One of the best end-of-the-year “lists” we’ve come across is Businessweek’s The 85 Most Disruptive Ideas in Our History. We’ve loaded it onto our phone to read in spare moments about the influence of the Polaroid, whiteboards, contact lenses, smartphones, the sharing economy, bottled water, Power Point, Parkinson’s Law, Open Source, and Motown, to name a few. (Listen to Motown founder Barry Gordy’s personal playlist.)

It’s made us wonder about the word disruptive. In business, disruptive innovation “describes a process by which a product or service takes root initially in simple applications at the bottom of a market and then relentlessly moves up market, eventually displacing established competitors. ” 

On a simpler and more personal level, disruption could be thought of as radical change due to the introduction of a new idea driving a different way of doing things. 

As the year draws to a close, we’re taking stock:

Just what have been the most disruptive ideas and forces in our/your life?

Yves Klein/Shunk Kender
Yves Klein/Shunk Kender


Bottom photo: Le Saut dans le vide (Leap into the Void); Photomontage by Shunk Kender of a performance by Klein at Rue Gentil-Bernard, Fontenay-aux-Roses, October 1960


If you’ve found illumination, joy, or inspiration in this post, please consider supporting Improvised Life. It only takes a minute to make a secure donation that helps pay our many costs. A little goes a long way towards helping Improvised Life continue to live ad-free in the world.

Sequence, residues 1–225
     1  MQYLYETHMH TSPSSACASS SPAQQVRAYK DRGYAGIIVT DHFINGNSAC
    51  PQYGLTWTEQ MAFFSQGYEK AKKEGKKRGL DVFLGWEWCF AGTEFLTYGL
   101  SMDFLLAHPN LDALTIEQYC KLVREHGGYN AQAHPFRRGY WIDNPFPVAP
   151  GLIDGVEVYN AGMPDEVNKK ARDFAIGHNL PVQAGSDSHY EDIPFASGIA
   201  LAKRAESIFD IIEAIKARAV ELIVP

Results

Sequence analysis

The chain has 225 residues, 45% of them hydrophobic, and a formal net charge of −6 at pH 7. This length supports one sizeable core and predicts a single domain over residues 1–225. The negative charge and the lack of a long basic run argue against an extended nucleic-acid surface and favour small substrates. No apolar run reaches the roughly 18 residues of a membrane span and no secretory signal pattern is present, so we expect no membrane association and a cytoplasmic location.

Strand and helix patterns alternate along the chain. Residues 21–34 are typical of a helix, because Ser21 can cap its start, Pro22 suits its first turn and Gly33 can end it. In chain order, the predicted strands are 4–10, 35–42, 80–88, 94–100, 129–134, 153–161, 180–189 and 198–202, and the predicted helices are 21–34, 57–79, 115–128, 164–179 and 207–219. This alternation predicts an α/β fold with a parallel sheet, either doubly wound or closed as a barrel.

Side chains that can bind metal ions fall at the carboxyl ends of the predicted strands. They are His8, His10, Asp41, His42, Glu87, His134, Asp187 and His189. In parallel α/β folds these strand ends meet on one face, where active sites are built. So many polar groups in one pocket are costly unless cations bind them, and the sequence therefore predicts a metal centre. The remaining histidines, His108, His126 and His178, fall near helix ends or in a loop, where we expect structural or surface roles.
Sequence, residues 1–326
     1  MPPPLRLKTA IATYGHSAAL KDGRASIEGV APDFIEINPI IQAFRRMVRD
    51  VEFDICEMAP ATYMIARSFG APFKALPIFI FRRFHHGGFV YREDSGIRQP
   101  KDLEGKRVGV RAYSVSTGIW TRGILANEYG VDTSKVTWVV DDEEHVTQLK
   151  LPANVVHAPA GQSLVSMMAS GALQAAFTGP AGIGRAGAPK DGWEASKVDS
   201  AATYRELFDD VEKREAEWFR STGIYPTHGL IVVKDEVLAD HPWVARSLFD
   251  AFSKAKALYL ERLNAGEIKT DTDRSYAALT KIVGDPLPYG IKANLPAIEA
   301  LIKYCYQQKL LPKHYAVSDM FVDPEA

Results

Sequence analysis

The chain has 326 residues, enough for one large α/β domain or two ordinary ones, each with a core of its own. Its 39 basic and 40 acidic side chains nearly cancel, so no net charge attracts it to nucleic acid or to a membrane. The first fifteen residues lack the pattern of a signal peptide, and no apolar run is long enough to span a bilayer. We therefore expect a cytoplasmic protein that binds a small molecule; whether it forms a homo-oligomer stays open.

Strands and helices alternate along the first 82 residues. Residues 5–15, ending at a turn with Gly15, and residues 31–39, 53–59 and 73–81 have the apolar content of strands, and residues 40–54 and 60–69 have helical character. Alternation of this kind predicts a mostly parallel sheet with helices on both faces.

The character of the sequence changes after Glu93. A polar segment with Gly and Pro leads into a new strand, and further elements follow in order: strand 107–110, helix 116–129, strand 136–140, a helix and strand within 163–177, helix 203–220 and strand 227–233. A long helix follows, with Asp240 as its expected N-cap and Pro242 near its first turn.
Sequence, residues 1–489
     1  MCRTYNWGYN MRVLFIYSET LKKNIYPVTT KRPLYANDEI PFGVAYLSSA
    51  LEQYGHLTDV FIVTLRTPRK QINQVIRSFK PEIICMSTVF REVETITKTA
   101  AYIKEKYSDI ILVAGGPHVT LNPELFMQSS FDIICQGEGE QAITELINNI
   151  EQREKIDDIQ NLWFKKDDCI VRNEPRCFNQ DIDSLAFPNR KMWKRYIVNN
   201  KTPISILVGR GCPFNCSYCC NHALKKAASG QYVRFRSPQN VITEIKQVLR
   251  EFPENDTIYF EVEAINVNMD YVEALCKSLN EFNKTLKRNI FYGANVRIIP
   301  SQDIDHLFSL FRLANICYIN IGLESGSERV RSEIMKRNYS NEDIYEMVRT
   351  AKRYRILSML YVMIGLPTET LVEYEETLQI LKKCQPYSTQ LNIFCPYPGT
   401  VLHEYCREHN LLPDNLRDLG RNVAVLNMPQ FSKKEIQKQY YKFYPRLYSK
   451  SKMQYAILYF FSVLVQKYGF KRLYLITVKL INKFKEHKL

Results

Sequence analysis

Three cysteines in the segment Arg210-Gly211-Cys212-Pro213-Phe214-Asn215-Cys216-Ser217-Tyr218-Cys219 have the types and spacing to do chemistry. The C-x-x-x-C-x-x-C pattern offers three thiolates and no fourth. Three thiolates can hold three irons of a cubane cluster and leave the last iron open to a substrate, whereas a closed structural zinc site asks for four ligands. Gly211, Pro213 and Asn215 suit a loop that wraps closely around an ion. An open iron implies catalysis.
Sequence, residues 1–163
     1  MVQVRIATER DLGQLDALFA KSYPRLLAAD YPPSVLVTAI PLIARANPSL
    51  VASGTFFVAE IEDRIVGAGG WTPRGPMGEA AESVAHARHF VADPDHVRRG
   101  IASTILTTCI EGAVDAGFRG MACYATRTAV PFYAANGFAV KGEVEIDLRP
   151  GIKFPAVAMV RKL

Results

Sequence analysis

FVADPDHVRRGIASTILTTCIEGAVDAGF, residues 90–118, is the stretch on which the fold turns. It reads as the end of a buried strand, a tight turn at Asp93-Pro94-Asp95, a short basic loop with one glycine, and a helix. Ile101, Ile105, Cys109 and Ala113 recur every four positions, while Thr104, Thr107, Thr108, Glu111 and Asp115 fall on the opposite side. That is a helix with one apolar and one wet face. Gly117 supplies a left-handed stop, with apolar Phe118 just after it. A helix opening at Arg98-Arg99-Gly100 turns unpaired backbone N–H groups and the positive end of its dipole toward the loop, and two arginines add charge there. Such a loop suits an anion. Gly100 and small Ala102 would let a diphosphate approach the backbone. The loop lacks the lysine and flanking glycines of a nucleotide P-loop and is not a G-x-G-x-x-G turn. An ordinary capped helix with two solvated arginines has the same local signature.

Support Improvised Life ♥

One thought on “Your History of Distruptive Ideas

  1. New cookie sheets were a disruptive force in my life. A few years ago I treated myself to new heavy duty semi-professional cookie sheets. They replaced the cheap ones I bought at the supermarket shortly after I moved out of my parents house. I had wanted these “fancy” cookie sheets for quite awhile and was excited to finally get them. I washed them and tried to put them away. I discovered they are a half inch wider than the old ones and wouldn’t fit in the cupboard where the old ones had been stored for years. So I put them in the drawer under the stove. Then I had to find a place for the things that had been in that drawer. And then a new place for things that the former residents of the drawer displaced. And so on. The result of simply buying new cookie sheets was a weekend-long total kitchen reorganization. I’ve since thought there should be a word or phrase for the unplanned “trickle-down” reorganization that one new item can cause. Maybe “Disruptive Organizing.”

Leave a Reply

Your email address will not be published. Required fields are marked *